Under the Union Jack, No. 21, Vol. 2, March 31st 1900

484 UNDER THE UNION JACK. [March 31, 19G0. to open the line and to overawe any still rebellious Boers who might be found south of Bloemfontein. His troops were conveyed in three trains, and proceeded as far as N o rval’s Pont, returning to Bloemfontein on March 17th .Opposition had entirely broken down in the neighbourhood of the Orange River, and the victorious columns of Generals Clements, G atacre, Band rab an tall crossed on March 15th. A t N orvaPs Pont, on the west, the Engineers threw a pontoon, 800ft. long, across the river in the course of a few hours, the cavalry and two batteries of Artillery immediately crossing to the north bank, where the train from Bloemfontein soon arrived. The railway bridge was found not to have been very seriously damaged, and Colonel G irouard, the Canadian railway officer, who, having done such good work in the Soudan, finds new scope in South Africa, reported that it would soon be open for traffic, and a good service of trains has now been opened. The Boers entirely disappeared from General G atacre’s front, and he pushed on from Burghersdorp towards the B ethu lie bridge, where several very exciting episodes took place. It had been discovered that the enemy were busily engaged in mining thew aggon bridge, with the intention of destroying it as soon as they should safely reach the other side. Our artillery came into inaction the effort to drive them off, and on the evening of March 12th Second- Lieutenant Popham performed a most gallant act. H e is a young officer gazetted abut few months ago to the Sherwood Foresters, and that regiment is very proud of his achievement. H e succeeded in getting across the bridge under a hail of shot and shell, and managed to cut the connecting wires for firing the mines, thus rendering the plans of the Boers abortive. H e also discovered several boxes filled with dynamite, and, returning to the British lines, took out a par y of his regiment, and again made his way towards the bridge. The party succeeded, in a most daring manner and under a hot fire, in bringing away the explosives and reaching camp with them. The Sherwood Foresters then occupied the bridge, the Boers retiring, and held it throughout the day until the main body arrived. The enemy had meanwhile disappeared, and General G atacre pushed onto Springfield Junction. Further to the east General B rab ant, who had driven the Bo^rs before him, crossed the river at A liw al North after some sharp fighting, and some of the burghers who were opposed to him seem to have taken refuge in Basutoland. Large numbers of them, and of the colonial farmers who took up arm s,have surrendered and returned to their homes. All along the Southern border, therefore, the resistance has completely broken down, and it is extremely unlikely that any formed body of the enemy can be found to resist us. As a measure of precaution Lord Roberts despatched a brigade of c.ivalry toT h ab a Ncrm , a place lying about forty miles east of Bloemfontein, to oppose an effectual barrier against any fugitive Boers who might attempt to fly northward toW inburg with the intention of joining ex-President Steyn in the neighbourhood of K roonstad. This brigade has also played an important part in pacifying the inhabitants of that country, and has distributed copies of Lord Roberts’s proclamation over a large area. O x the Western F ron tier. Meanwhile, the troops at Kimberley have not been idle. Upon them also has devolved an important work in settling a large country lying north of theM odder. Lord Methuen with a force of some strength proceeded to Boshof, about thirty miles north-east of Kimberley, where he left a garrison, and seized several guns and 70,000 rounds of ammunition. The country in the neighbourhood of Bark ly West is almost deserted, but it has been reported that the Boers are in some force in the region of K lipdam ,on the V aal River. Since his visit to Bosh of Lord M ethuen has proceeded to YVarrenton.a place lying on the V aal River opposite to Fourteen Stream s.He arrived on the 16th, in time to prevent the destruction of the deviation bridge which had been built there, and he secured a pont on the V aal. It appears, therefore, that an advance is being made in force in the direction of M afeking. It does not follow, how­ever, that General M ethuen is necessari'y proceeding to that place, for a demonstration in force will suffice to occupy the attention of the Boers and to takeoff the pressure from Colonel Baden wo-P eli’s long-suffering garrison. There is the best reason to hope that before these lines appear he will have been relieved, for Colonel Plum er, on March 14 th ,was at Lob atsi, and had restored railway and telegraphic com­munications as far south as Pitsan Hi. e was, therefore, within marching distance of the beleaguered place, and there seemed to be no great force opposing his advance. A t the last report the garrison was still holding its own with unflinching courage, but with diminishing resources. The Boers were hardworking on March 6th to approach by sapping to our trenches, band y concentrated shelling and rifle fire they made considerable progress, so that they broke into one of the trenches and were able for a time to fly their flag over it. Meanwhile, the garrison has been living upon horse and mule flesh, with bread made from horse forage, and dysentery and fever were rife, especially among the women and children. The gallantry and steadfastness with which the little town of M afeking, possessing no advantages what­ forever defence and dominated b y heavy guns, has resisted every attempt to reduce it has appealed to the Empire, and the services of Colonel Baden o-P welland his men will rank high in the history of the war. The Situation in Natal. aBut little time ago the situation in Natal occupied the foremost place in these pages, the eyes of every Englishman being fixed upon the great dram a being enacted about Lady ­smith. Now ,owing to the splendid development of Lord R oberts’s strategy, and the relief of the long-beleaguered town, Natal has for a time sunk to a secondary level in the events of the war. The forces with Sir Red vers Buller have needed sometime to recuperate, and there has been a considerable work in providing mounts for the cavalry and rehorsing the guns. It was intended to withdraw Sir Charles Warren’s division, but the collapse of opposition in the late Free State made this unnecessary, and the troops who had been sent to Durban to embark returned once more to Ladysm ith. It therefore appears that an advance from Natal at a later stage of the operations will probably be possible meanwhile, the cavalry have been reconnoitring the passes o f the D rakens­ berg, where the Boers are in position, though apparently not in great strength. These passes, however, are easy to defend, and it is not likely that Sir R edvers B u ller will make any hasty attack upon them. A t present the Boers are in position in the B iggarsb erg Mountains north of Lad ysm ith ,and have several guns mounted on the Newcastle Road and also on the road to Dundee. Evidently, therefore, they are p-eparing to impede, if not resist, an advance which they anticipate being made upon Lain g ’sN ek for the direct invasion of the Transvaal. It is not likely, however, that w e shall for sometime have any activity to record in this theatre of the war. and meanwhile the attention of the country is directed to the grand advance which Lord Roberts will be able to make from Bloemfontein when the columns of Generals Clements,. G atacre, Band rab ant join him from the south. It was intended that these should form a division under Sir George White, but, to the regret of everyone, the health of the brave defender of Lad ysm ith has not enabled him immediately to assume another command. SOME of the photographs used here are owned by Messrs. Cribb, J. A. Drage (Berea), Gillard, Gregory, Knight, Stephens, Underwood and Underwood, and Window and Grove. ‘We are indebted to the courtesy of the Graphic, Illustrated London News, Sphere, and Navy and Army Illustrated for some of the illustrations in this number. THE BACK NUMBERS OF “UNDER THE UNION JACK” CAN BE HAD OF GEORGE NEWNES, LTD.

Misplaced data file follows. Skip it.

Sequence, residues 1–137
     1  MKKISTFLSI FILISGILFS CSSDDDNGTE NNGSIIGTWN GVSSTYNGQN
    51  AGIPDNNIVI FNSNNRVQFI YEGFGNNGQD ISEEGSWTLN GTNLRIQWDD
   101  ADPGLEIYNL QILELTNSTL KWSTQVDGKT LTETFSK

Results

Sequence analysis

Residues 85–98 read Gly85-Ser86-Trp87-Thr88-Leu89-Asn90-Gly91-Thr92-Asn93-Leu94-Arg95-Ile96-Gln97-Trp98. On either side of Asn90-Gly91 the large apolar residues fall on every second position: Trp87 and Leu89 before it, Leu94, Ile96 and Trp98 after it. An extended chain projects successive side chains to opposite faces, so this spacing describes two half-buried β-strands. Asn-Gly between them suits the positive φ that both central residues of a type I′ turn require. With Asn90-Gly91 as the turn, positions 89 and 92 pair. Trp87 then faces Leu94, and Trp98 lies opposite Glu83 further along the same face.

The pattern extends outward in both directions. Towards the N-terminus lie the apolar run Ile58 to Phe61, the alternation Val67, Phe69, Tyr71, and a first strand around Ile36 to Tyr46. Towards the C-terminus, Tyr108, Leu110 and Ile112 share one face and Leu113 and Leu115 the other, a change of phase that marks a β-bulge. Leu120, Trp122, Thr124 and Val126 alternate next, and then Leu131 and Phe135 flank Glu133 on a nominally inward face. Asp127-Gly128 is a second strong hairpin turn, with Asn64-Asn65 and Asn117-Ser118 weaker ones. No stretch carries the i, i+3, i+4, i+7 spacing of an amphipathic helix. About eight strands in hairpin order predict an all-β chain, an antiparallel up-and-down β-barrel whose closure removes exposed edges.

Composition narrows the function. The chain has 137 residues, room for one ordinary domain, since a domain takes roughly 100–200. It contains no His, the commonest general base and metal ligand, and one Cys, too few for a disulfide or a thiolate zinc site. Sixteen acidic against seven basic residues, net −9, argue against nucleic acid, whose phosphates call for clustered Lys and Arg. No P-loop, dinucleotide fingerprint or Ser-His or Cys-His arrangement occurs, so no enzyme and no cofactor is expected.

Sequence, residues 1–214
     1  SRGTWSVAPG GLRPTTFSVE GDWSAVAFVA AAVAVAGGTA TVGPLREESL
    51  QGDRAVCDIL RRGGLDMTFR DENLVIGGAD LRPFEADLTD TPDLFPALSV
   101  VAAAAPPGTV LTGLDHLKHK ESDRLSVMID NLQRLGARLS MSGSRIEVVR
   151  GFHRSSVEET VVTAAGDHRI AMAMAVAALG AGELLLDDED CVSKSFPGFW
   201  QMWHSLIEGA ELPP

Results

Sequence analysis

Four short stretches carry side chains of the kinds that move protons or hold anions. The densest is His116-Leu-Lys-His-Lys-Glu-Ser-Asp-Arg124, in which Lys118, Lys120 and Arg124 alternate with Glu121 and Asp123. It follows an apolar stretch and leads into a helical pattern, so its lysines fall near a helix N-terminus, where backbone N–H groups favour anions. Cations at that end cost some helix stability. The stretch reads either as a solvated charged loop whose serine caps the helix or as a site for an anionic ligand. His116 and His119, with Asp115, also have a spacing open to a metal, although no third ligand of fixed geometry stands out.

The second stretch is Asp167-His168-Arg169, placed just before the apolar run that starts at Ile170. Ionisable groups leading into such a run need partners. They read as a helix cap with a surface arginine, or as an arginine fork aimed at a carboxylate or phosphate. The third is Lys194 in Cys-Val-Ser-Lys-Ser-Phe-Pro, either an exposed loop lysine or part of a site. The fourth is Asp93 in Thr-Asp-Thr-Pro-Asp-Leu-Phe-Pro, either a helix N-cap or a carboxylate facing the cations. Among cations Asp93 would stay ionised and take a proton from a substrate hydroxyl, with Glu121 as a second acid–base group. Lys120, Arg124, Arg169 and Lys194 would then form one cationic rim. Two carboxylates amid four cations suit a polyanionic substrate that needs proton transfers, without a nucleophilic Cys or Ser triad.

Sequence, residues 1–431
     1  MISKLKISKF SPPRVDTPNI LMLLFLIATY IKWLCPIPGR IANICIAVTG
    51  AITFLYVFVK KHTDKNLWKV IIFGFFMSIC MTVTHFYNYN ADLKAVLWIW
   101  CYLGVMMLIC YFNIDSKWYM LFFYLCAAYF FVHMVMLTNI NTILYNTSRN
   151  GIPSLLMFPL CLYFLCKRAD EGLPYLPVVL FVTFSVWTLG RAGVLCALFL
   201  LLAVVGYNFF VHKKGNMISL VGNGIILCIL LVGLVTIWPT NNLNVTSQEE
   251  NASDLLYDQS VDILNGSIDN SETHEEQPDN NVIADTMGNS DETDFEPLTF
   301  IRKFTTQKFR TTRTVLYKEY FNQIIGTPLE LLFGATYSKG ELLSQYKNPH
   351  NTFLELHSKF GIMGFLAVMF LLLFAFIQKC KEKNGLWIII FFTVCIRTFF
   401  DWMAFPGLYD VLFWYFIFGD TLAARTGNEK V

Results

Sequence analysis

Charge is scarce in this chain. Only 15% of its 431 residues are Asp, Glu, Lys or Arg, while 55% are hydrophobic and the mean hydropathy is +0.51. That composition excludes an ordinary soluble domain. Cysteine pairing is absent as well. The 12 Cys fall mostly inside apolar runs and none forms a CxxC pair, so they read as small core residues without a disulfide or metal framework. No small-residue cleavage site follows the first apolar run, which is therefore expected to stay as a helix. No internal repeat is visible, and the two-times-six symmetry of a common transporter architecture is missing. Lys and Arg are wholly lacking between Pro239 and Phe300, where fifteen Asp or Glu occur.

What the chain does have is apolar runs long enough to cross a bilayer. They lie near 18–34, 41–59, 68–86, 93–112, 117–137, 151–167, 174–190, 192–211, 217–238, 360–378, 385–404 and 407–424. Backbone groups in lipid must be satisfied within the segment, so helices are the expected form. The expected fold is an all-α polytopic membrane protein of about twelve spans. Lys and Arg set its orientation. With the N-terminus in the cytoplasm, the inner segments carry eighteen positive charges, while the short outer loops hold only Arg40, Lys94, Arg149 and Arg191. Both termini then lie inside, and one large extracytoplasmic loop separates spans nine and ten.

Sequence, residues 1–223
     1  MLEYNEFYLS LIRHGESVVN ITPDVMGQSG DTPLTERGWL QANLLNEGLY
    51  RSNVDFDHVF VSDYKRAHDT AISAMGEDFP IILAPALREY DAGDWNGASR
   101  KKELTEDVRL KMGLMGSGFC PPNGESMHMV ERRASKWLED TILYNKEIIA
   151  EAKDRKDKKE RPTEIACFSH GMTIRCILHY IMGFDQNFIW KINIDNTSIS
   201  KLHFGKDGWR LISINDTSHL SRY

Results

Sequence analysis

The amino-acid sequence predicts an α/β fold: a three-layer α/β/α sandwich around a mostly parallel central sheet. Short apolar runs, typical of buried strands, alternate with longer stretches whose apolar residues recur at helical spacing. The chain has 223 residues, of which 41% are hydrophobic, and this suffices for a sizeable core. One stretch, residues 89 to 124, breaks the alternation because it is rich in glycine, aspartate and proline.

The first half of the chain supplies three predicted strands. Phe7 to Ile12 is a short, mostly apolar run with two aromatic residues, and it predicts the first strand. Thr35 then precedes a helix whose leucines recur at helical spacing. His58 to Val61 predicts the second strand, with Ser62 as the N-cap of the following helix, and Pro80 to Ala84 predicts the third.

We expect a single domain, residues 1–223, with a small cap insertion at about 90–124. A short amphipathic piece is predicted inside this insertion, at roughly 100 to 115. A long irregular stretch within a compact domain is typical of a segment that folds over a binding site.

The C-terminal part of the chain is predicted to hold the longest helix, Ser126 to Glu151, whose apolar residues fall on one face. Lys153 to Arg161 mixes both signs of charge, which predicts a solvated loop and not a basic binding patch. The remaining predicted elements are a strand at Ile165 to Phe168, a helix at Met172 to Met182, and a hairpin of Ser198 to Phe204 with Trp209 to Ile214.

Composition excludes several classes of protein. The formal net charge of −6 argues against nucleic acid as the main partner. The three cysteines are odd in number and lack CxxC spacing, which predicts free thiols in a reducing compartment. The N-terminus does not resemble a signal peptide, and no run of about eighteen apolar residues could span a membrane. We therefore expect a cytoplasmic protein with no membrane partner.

Add Names

Disclaimer

We have sought to ensure that the content of this website complies with UK copyright law. Please note however, that we may have been unable to ascertain the rights holders of some items. Where we have digitised items, we have done so with items that to the best of our knowledge, following due investigations, are in the public domain. While the original works are in the public domain we reserve all rights to the usage of the digital works.

The document titled Under the Union Jack, No. 21, Vol. 2, March 31st 1900 is beneath this layer.

To view this document now, please sign up as a full access member.

Free Account Registration

Please enter your first name
Please enter your surname
Please enter a valid email address
Please enter your password
By creating an account you agree to us emailing you with newsletters and discounts, which you can switch off in your account at any time

Already a member? Log in now
Small Medium Large Landscape Portrait